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LEHI — The Museum of Ancient Life is known for one thing: pieces of the past. But for 15-year-old Will Whitehead, those pieces formed the foundation of a dream.
"He was practicing driving with his dad," said Julia Whitehead, Will's mom. "When he came home, he said, 'I need to find the phone number for the person in charge at Thanksgiving Point.'"
Amid the fossils and models of creatures long gone at the museum, visitors can see a small sign on the door of an empty room that reads "New Exhibit Coming June 12th." Behind that door is an empty space, currently occupied by one living exhibit: Will inside a glass cage.
Will doesn't look up much. His head is constantly fixated on his hands, which manipulate a seemingly endless supply of tiny pieces of plastic called K'Nex.
"In some ways, they're the big kid Legos," he said.
One could call Will the Leonardo da Vinci of Lehi — his current task being his masterpiece.
"I've been building them in my room for a couple of years," Will said. "It is a little bit crazy. I mean, I've never done anything this big before."
Will drew inspiration from other successful K'Nex builders.
"There's actually an official Guinness World Record for one that's 125,000 pieces," Will said. "He (the world-record holder) is still working on it."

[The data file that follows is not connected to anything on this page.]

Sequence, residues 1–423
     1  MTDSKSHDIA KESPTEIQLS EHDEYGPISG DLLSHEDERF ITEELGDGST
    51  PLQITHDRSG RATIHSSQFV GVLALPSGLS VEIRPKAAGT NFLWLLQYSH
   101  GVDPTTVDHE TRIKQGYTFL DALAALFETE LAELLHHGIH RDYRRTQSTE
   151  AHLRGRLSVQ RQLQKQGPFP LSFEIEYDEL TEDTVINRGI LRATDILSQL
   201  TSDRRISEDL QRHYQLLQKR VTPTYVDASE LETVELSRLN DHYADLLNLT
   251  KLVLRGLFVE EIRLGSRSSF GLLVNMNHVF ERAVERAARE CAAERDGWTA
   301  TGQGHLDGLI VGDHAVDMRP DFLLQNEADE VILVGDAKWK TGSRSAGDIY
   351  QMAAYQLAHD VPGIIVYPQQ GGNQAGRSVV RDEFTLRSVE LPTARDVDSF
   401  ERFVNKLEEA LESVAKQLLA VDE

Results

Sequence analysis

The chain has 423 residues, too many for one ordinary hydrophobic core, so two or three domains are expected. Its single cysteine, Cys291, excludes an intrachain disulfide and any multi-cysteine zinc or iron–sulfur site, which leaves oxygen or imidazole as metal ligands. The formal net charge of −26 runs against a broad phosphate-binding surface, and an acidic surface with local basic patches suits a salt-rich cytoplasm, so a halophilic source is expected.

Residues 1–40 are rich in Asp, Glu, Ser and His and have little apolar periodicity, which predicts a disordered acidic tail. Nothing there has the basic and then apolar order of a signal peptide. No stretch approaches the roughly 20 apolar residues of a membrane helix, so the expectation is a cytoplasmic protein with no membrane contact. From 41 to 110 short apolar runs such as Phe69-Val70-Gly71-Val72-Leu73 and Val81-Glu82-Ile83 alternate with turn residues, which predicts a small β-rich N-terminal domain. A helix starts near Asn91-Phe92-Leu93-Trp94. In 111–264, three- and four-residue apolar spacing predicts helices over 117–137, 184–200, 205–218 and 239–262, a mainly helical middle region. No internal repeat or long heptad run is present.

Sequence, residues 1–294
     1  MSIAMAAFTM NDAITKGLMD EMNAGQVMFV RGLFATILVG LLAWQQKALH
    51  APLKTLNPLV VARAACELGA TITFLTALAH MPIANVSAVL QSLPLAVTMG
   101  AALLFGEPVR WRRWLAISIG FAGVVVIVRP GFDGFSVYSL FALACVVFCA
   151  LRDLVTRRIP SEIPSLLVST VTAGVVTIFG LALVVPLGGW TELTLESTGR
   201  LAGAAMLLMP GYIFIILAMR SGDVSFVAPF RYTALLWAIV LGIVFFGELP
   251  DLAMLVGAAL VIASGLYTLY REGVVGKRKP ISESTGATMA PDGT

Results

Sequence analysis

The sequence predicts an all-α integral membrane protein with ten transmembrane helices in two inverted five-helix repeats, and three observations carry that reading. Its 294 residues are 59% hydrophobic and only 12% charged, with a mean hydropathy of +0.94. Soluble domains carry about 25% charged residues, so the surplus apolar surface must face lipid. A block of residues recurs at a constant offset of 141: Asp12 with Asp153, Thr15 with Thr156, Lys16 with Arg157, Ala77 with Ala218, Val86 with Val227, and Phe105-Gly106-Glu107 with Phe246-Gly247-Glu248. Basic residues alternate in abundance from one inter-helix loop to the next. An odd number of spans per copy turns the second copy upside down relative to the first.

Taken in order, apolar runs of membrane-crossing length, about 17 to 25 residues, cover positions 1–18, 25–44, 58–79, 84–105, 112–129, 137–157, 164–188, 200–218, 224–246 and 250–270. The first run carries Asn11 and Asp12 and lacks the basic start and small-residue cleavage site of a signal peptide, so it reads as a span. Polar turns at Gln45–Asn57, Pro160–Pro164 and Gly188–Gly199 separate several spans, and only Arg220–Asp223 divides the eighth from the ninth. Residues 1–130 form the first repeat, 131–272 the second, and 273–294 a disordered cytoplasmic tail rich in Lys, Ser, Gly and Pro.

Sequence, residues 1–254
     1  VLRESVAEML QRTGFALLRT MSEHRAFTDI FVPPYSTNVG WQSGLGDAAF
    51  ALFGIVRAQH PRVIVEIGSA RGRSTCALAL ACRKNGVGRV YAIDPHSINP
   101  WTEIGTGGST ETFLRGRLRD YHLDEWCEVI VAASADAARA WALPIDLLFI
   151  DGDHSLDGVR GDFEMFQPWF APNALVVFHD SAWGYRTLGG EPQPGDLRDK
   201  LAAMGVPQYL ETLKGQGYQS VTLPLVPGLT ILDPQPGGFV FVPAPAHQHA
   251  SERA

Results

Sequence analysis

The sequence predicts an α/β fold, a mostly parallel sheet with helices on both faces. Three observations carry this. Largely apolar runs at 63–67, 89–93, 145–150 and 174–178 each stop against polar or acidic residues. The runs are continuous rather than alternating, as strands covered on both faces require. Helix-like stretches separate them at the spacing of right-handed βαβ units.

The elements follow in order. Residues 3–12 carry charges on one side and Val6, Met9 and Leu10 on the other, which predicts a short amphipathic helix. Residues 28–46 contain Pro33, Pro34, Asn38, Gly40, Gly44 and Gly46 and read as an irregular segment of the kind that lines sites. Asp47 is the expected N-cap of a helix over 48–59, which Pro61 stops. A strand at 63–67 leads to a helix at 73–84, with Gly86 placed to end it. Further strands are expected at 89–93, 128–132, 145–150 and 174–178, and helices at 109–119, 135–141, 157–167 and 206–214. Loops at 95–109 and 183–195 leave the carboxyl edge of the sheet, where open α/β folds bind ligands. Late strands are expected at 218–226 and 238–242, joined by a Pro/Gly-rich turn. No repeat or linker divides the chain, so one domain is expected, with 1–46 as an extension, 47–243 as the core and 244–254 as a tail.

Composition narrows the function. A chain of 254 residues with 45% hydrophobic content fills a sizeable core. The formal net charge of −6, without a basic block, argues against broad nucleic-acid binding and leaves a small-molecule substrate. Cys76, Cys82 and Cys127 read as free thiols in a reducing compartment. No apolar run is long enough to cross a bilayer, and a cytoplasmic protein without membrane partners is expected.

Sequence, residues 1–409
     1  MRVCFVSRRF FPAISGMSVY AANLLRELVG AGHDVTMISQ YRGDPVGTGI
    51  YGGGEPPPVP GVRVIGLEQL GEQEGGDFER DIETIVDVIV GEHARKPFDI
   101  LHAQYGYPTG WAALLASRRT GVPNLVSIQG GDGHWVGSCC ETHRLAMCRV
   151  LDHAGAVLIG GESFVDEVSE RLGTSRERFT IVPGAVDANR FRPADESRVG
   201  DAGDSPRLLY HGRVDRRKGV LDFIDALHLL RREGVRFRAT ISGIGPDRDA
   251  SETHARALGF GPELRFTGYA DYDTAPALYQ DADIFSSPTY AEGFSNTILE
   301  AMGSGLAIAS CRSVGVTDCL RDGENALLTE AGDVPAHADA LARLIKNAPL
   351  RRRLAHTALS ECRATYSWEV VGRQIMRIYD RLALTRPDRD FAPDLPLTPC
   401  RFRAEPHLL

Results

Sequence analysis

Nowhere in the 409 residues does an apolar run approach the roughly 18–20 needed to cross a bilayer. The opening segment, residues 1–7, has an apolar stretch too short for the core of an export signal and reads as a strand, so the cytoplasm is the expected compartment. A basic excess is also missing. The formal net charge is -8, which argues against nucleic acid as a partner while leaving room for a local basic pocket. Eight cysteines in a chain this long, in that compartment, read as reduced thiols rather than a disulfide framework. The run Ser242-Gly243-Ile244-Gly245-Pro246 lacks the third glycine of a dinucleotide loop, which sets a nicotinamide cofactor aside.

Will calls his project a K'Nex Ball Tower. He's built a number of them at home, which he posts on his YouTube channel, but his latest project is on another level.
"His room is a lot like what you see when you look at that museum. All over the place," Julia Whitehead said. "In fact, there's one all around the upper perimeter of his wall."
Working with sticks, tiny motors and gears have been a bit of a fascination of Will's.
"When he was in fourth or fifth grade, he wanted a K'Nex Roller Coaster set for his birthday," Julia Whitehead said. "So we drove down to Toys 'R Us to get the right one and he was in heaven all day, putting it together for hours."
But projects in his room proved to be insufficient for Will. As his mom said, he called up the museum, inspired by a similar device at the Clark Planetarium. Somehow, Will was able to convince Thanksgiving Point to give him the space in their upcoming "From Here to There" exhibit — and they even paid for the pieces.
"A total of about $700 that we spent on eBay," Will said. "Which was enough payment for me, because I only have 8 or 9,000 parts at my house."
Will is now in possession of about 22,000 pieces, which is far short of the world record, but more than enough to keep him busy. Will's been hacking away at this monstrosity nearly every day — without a single blueprint.
"I did draw my thoughts out on paper once, but it wasn't terribly helpful," Will said.
"They're in his brain," his mother said laughing.
A brain with a bit of an aptitude for geometry and math.
"As far as understanding it, turning his homework in is another skillset, I guess," Julia Whitehead said.
Will thinks this project could take a couple of months, which may derail his parents' plans for his summer.
"They wanted me to get a job, but I'll probably be able to split my time between my job and this," he said.
But regardless of whether or not that plan works out, Julia Whitehead's focused on the end result. She hopes when kids come to the museum for an education, they might leave with a little inspiration.
"I hope he sees kids flocking over there, pressing up against the windows and thinking, 'I can do that,'" she said.